The list the morgue is using is different Teri, they just had the man on CNN explaining this, as for some of the other problems, look what it did to the trees, stripping bark off, unpleasent to say the least of what the bodies look like, that is why the first ID that took place turned out it wasn't who the people thought it was. So now they are doing dental records and such to make sure the persons get the right body to bury, it sounds horrible and is, but that is the only way they can be indentified. I have friends and family there in Joplin, they have lost alot, they luckily are alive, but there are not withholding info on peoples loved ones to be mean, this isn't like Haiti as Cooper spoke, these people had debris at over 200mph shredding them, many are beyond reconisition

      May 26, 2011 at 2:50 pm | Report abuse |
    • Teri

      I realize ID'ing may be difficult, but one kid is listed with his mom's last name and again with his dad's last name because they are divorced. He's simply been listed twice. They have, since my post, dropped the count to 230.

      May 26, 2011 at 3:02 pm | Report abuse |
  2. Corbin R. Fields

    Help those in need of housing with
    We are empowering communities to help with housing relief. Please help the people in Joplin find a home!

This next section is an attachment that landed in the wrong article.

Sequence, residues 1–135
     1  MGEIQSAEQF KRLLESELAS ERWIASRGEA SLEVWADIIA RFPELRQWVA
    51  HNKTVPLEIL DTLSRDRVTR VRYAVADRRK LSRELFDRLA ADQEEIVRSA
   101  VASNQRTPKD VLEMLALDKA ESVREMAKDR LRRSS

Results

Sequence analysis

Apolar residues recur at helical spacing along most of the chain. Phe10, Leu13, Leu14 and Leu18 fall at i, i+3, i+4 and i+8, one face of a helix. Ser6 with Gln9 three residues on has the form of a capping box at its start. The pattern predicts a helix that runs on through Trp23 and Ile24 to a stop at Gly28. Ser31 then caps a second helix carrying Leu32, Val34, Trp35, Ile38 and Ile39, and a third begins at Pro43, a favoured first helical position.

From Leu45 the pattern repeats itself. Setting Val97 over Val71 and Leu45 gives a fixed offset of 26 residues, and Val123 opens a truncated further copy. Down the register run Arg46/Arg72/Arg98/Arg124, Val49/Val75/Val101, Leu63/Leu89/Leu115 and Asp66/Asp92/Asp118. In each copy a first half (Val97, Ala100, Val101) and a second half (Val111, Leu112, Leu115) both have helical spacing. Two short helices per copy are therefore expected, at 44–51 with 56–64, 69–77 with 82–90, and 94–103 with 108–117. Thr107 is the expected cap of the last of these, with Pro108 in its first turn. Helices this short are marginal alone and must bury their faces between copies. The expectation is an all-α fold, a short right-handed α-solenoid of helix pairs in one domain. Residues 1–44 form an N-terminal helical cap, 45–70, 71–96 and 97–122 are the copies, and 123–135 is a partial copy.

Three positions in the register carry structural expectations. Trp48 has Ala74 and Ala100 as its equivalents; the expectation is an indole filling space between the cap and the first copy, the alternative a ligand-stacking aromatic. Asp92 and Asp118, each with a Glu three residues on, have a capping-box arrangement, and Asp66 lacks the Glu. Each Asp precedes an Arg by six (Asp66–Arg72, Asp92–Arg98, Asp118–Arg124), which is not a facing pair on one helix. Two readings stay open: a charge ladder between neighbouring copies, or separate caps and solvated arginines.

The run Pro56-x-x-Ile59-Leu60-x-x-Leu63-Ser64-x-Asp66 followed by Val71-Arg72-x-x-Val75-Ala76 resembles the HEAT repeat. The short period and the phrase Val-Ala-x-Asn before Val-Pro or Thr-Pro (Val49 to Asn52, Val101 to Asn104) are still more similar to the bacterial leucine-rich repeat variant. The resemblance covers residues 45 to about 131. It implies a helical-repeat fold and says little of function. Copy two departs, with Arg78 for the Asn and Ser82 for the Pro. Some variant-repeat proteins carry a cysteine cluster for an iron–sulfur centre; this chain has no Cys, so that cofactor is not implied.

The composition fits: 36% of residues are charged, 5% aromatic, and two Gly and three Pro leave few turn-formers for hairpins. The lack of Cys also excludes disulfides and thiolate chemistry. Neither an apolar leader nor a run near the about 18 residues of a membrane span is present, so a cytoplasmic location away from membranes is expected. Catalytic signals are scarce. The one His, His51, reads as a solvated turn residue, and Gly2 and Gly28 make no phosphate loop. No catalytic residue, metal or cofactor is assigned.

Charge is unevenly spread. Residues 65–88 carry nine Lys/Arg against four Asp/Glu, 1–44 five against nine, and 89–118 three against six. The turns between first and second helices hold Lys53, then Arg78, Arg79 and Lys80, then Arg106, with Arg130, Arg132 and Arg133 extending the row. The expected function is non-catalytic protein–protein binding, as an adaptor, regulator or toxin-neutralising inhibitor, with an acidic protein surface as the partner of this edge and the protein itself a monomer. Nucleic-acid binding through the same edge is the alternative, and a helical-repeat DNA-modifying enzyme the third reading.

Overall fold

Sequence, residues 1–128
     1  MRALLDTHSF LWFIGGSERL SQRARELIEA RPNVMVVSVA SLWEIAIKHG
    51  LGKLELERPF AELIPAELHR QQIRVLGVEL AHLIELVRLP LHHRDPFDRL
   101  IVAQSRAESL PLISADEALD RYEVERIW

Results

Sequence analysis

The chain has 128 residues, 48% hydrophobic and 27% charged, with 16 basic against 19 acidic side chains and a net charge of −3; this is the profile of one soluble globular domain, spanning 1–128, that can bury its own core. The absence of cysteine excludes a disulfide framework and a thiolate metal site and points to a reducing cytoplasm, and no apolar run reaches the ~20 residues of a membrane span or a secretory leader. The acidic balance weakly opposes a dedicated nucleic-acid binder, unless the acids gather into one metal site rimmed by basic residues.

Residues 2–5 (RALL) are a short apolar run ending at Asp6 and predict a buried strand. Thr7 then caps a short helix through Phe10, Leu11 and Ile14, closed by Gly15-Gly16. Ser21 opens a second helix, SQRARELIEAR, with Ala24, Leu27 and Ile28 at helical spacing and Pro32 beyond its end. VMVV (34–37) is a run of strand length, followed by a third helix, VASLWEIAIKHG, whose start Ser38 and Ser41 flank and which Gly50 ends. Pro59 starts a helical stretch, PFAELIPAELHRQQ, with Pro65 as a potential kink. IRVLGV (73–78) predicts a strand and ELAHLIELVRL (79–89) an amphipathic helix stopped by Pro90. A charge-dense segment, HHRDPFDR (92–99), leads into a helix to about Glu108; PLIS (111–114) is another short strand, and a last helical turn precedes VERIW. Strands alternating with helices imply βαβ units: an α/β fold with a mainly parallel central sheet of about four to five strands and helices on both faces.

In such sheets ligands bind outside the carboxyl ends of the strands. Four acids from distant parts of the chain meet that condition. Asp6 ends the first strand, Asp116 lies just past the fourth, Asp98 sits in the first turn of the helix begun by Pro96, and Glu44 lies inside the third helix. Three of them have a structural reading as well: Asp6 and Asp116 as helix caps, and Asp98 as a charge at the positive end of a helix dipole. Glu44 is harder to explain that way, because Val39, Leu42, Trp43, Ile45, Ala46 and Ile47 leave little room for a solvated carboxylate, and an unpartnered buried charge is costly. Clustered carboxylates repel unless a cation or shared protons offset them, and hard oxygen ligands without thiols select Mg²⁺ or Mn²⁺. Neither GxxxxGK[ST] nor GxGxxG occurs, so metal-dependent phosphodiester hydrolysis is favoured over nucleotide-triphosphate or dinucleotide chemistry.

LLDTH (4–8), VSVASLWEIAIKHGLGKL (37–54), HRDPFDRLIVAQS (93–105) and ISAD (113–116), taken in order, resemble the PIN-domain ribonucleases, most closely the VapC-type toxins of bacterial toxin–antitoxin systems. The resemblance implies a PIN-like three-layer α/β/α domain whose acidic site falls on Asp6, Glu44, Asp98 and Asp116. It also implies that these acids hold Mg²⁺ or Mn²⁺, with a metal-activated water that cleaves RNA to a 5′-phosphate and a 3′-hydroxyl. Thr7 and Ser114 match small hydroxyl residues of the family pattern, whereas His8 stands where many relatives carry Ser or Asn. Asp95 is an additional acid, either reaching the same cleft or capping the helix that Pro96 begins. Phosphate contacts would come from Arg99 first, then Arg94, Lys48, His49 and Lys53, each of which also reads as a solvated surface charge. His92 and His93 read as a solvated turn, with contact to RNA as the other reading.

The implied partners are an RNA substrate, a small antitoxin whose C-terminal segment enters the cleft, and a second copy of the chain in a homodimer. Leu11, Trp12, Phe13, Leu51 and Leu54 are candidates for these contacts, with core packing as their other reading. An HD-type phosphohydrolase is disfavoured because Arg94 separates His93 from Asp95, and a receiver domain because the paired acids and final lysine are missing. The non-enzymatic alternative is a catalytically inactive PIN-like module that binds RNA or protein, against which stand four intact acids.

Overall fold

May 26, 2011 at 2:16 pm | Report abuse |
  3. jmc

    I dont think politics belong in this conversation this was a natural disaster god bless everyone that affected by these devastating storms

    May 26, 2011 at 2:17 pm | Report abuse |
  4. Wally B'akbar


    May 26, 2011 at 2:18 pm | Report abuse |
  5. Richard

    They are asking people who might be listed as missing to call a 417 area code number. Theses people may not have a penny to their name. Why not a toll free 800 number?

    May 26, 2011 at 2:22 pm | Report abuse |
  6. Lisa Davis

    Just fix the list, don't beat up the list makers.

    May 26, 2011 at 2:36 pm | Report abuse |

    I noticed that Lantz Hare is not on this list but rather a Casey Hare. Does anyone know if Lantz has been located?